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You might want to reconsider the retractable leash idea. They're a little safer now that they use a tape rather than a cord, but I've seen two finger amputations and several fractures from retractable leashes. They're an accident waiting to happen
 

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You might want to reconsider the retractable leash idea. They're a little safer now that they use a tape rather than a cord, but I've seen two finger amputations and several fractures from retractable leashes. They're an accident waiting to happen
Jbean-I think what I am learning is... No tool is perfect. After more than 20 years of using one, I am unlikely to change
I would have a miserable time without our retractable leash as I do not have a yard. Puppy walks were a retractable leash in the back alleyways saved my sanity, and sitting on the front steps with Annie on a retractable leash, which is the perfect length to allow her to run a bit, do her business, and not get on the sidewalk, is my lowest energy exercise for her. She loves lying on the grass, chewing a stick. I also do use it for walks

I used one for the first time with my first dog at age 5, have used them for every dog since. No injuries so far, and they have added a lot of quality of life for our dogs. Retractables allow a dog to sniff in a way you can't do with a normal leash. Annie pulls the least when she is on a retractable, since that is what I have spent the most time training, and there is an audible click when she has reached the end to tell her to return to me, sit, or otherwise give me slack. She also seems to use the rhythm of my hand swing to figure out she is approaching the end.

I always wonder how people manage these injuries.... The fingers should be nowhere near the cord!!! Use the brake, not the cord, don't buy the extra long length, etc.

Yes, they are not a perfect tool, and like any tool, they need to be used responsibly. They aren't appropriate for busy areas, areas without sidewalks etc, and the brake function should be used to shorten and control the leash/dog when passing people/distractions, etc. I often carry a 6ft leash to switch to if needed.

We also have a long line (retractable leash is 10 ft and long line is 50 ft) I find the long line in some ways more dangerous as it's easier for her or me to get limbs tangled in it and trip ourselves if I forget to manage slack.

I had her on a long line at the park yesterday and an off leash dog came up to us and got his feet tangled in the long line and yelped. I was worried if Annie had started to run it could have injured him.

For those interested in retractable leashes... Get a genuine Flexi, the others are mostly junk without strong enough brakes. Practice reeling in your dog. Quickly fling your hand outward to retract slack, hit the brake, reel in your arm/dog.. Repeat. It sounds complicated but it allows you to have control of your dog without touching the line.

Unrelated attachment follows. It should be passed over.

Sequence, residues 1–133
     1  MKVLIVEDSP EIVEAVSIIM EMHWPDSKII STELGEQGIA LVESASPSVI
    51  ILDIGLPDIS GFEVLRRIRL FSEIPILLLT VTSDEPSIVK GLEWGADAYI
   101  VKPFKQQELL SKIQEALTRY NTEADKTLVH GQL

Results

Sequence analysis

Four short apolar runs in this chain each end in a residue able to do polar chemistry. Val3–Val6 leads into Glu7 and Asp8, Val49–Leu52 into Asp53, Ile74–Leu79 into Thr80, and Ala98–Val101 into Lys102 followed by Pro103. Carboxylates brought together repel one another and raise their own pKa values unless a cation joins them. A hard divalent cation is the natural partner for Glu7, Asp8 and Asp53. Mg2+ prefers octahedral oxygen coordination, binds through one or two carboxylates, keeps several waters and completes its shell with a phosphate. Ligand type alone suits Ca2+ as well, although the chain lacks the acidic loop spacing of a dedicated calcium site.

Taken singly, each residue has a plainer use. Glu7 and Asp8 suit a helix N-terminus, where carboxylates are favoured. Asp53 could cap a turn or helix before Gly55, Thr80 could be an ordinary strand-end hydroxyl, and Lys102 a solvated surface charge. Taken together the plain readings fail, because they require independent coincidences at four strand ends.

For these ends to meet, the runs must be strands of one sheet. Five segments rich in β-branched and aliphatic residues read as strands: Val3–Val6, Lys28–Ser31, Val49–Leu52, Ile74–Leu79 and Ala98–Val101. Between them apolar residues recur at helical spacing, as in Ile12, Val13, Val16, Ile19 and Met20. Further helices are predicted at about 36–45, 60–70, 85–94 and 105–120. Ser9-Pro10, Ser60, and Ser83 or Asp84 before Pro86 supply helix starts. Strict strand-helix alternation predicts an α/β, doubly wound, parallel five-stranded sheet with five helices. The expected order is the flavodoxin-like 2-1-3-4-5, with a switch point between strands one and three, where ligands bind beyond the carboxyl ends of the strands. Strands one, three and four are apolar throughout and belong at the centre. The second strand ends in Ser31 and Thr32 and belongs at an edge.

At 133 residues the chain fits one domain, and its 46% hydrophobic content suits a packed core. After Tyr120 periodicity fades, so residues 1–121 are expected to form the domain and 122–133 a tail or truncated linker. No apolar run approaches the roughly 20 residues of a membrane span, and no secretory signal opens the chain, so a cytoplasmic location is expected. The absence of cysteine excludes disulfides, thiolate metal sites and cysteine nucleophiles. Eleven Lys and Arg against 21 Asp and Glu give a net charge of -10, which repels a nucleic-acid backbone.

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Good one!

Yesterday I had a migraine and was running out of ways to entertain a very bored poodle. So I meticulously folded up her toys into a towel, thinking she'd have to spend some time rooting around for them. I honestly thought I was being so clever!

Well she watched me carefully (success!), anticipation building (success!), and when I released her she...........

Grabbed one corner, gave it a quick shake, and trotted away with her favourite toy.

Sigh.

Back to the drawing board.
 

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I have a variant of Hunt the Treat for odd occasion when I really feel barely able to get out of my chair. Take a very small handful of low calorie treats, have the dog(s) in a sit, say "Ready... Steady... Wheeeeee!" and toss the treats in the air so they scatter all over the room. Helps if you take a little care that none vanish under furniture where the dog can't reach them, unless you feel up to grovelling on the floor to help. And I set a rule of three rounds only, so they know to settle down for a while after that.
 
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I have a variant of Hunt the Treat for odd occasion when I really feel barely able to get out of my chair. Take a very small handful of low calorie treats, have the dog(s) in a sit, say "Ready... Steady... Wheeeeee!" and toss the treats in the air so they scatter all over the room. Helps if you take a little care that none vanish under furniture where the dog can't reach them, unless you feel up to grovelling on the floor to help. And I set a rule of three rounds only, so they know to settle down for a while after that.
fjm - Annie also has a variant of hunt the treat that she loves - it's called "Hunt the laundry" or "Hunt the coats". She's discovered that I often leave little treats or treat crumbs in pants pockets or coats pockets, and a long clever poodle nose is often just the right size to access them. Strangely, I think i'd prefer we play your version!